For instance, if a mother finds direct breastfeeding too mentally or physically painful to continue, but still wants to provide some breast milk, then expressing milk may be an option. Pumping can work for some women, or it can become too emotionally and physically demanding for others. Time spent with a mechanical pump is time in which a mother is unable to rest and possibly unable to spend time with her baby or other children. If pumping doesn’t work for a particular woman or family, then, sometimes, the best thing is to let go of that goal without guilt.

3) The third healthy and attainable feeding goal is for the mother to be fully present and emotionally available to the baby, older children, and/or partners.

This really does come down to individual families and what they need, given their particular circumstances. However, being emotionally available to the family unit requires at least a reasonable amount of sleep, management of physical pain, and treatment of any physical or mental health conditions.

For some women, breastfeeding is a very positive and fulfilling experience that enhances family life. For others, it has a negative and draining effect on the family dynamic for a variety of reasons. More individualized approaches are beneficial, as any number of issues may arise for which a re-evaluation of the goals is required in order to maintain everyone’s emotional and physical wellness.

For example, if a mother feels her mental health is impacted by sleep deprivation, a partner can give a night time bottle feed to allow mum to get some much-needed rest. I have worked with women for whom a full night’s sleep is essential for that mother’s mental health. Under such circumstances, a partner helping with night feeds becomes vitally important. Breastfeeding may still be possible with expressed milk or supplementary formula given at night, however, we should keep in mind that the goal is not exclusive breastfeeding, but rather, a happy and functional family.

Other mothers wish to breastfeed, but then find that their mental or physical health must take priority. Sometimes the best thing is for a mother to fully formula feed in order to take medication that is incompatible with breastfeeding. This is an entirely reasonable thing to do. A mothers’ physical and mental health matters to them, to their partners, and to their children. Nobody benefits from a mother who is suffering, least of all a baby who needs, above all else, to feel loved and enjoyed by their family.

Each mother and each family needs to consider their own circumstances and determine what is a priority for them.

I encourage parents to set aside the WHO recommendations, and instead take up these three feeding goals of a fully physically nourished baby, a comfortable feeding relationship, and a mother that feels emotionally available for her family. These goals are attainable regardless of which (clinically safe) method you use to get there.

By changing how we define successful infant feeding, we can empower families to feel positive and confident about how they nourish their babies, and we may prevent the psychological stress which results when things don’t go according to plan.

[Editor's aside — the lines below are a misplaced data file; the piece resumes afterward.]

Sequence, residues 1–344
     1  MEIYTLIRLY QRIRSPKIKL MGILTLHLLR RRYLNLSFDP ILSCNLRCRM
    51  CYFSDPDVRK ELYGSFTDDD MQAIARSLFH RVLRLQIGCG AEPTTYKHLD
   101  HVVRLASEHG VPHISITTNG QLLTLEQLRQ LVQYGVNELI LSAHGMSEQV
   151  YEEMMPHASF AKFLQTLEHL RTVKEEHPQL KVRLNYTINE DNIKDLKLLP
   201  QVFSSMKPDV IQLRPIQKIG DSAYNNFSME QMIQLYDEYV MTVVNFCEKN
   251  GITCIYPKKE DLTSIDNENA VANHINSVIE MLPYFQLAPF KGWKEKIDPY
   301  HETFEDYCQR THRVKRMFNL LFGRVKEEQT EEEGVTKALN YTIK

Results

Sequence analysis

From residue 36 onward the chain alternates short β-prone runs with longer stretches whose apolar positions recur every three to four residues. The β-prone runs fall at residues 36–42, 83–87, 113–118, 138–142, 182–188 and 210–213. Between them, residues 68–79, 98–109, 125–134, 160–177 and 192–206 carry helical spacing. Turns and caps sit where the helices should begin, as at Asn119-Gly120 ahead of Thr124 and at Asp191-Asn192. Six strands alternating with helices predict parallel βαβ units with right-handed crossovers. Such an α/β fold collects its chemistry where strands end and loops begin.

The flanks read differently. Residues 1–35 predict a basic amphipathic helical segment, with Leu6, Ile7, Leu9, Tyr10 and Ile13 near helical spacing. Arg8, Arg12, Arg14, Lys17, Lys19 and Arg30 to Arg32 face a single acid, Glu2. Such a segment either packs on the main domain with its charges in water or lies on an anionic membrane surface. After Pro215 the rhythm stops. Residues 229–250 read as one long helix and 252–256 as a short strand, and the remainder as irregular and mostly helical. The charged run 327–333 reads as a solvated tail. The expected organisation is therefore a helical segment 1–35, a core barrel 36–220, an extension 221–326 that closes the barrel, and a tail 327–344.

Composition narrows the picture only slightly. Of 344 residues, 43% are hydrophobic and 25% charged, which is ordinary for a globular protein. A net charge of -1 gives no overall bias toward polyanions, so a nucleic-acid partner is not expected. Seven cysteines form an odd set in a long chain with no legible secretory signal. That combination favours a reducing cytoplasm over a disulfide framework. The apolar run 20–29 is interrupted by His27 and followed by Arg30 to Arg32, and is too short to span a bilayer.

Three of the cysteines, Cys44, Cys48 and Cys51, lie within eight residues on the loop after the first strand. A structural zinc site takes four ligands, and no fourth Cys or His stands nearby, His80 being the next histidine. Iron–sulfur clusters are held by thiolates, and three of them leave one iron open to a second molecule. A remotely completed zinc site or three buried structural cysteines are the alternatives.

We must recognize that a feeding method is successful when a mother is comfortable and relaxed, and she is confident her baby is nourished. Successful feeding is a fully fed baby who knows he or she is loved and nourished, physically and emotionally, in a calm, healthy, and happy family.


Ruth Ann holds a Ph.D. in developmental psychology from the University of Southampton and a Doctorate in Clinical Psychology from the University of East Anglia. After unexpectedly turning to formula to feed her daughter, she came across The Fed is Best Foundation and was moved and disturbed by the level of psychological distress, depression, anxiety, and trauma which many women reaching out to The Foundation are experiencing. An expert in mental health, she is passionate about empowering women to confidently nourish themselves and their baby, whatever their feeding method.


There are many ways you can support the mission of the Fed is Best Foundation. Please consider contributing in the following ways:

  1. Fundraising Group.    Please send an email to  if you are interested in joining any of our volunteer groups. 
  2. If you need infant feeding support, we have a private support group– Join us here.
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  4. Make a donation to the Fed is Best Foundation. We are using funds from donations to cover the cost of our website, our social media ads, our printing, and mailing costs to reach health providers and hospitals. We do not accept donations from breast- or formula-feeding companies and 100% of your donations go toward these operational costs. All the work of the Foundation is achieved via the pro bono and volunteer work of its supporters.
  5. Sign our petition!  Help us reach our policymakers, and drive change at a global level. Help us stand up for the lives of millions of infants who deserve a fighting chance.   Sign the Fed is Best Petition at  today, and share it with others.
  6. Share the stories and the message of the Fed is Best Foundation through word-of-mouth, by posting on your social media page, and by sending our FREE infant feeding educational resources to expectant moms that you know. Share the Fed is Best campaign letter with everyone you know.
  7. Write a letter to your health providers and hospitals about the Fed is Best Foundation. Write to them about feeding complications your child may have experienced.
  8. Print out our letter to obstetric providers and mail them to your local obstetricians, midwives, family practitioners who provide obstetric care and hospitals.
  9. Write to your local elected officials about what is happening to newborn babies in hospitals and ask for the legal protection of newborn babies from underfeeding and of mother’s rights to honest informed consent on the risks of insufficient feeding of breastfed babies.
  10. Send us your stories. Share with us your successes, your struggles and everything in between. Every story saves another child from experiencing the same and teaches another mom how to safely feed her baby. Every voice contributes to change.
  11. Send us messages of support. We work every single day to make infant feeding safe and supportive of every mother and child.  Your messages of support keep us all going.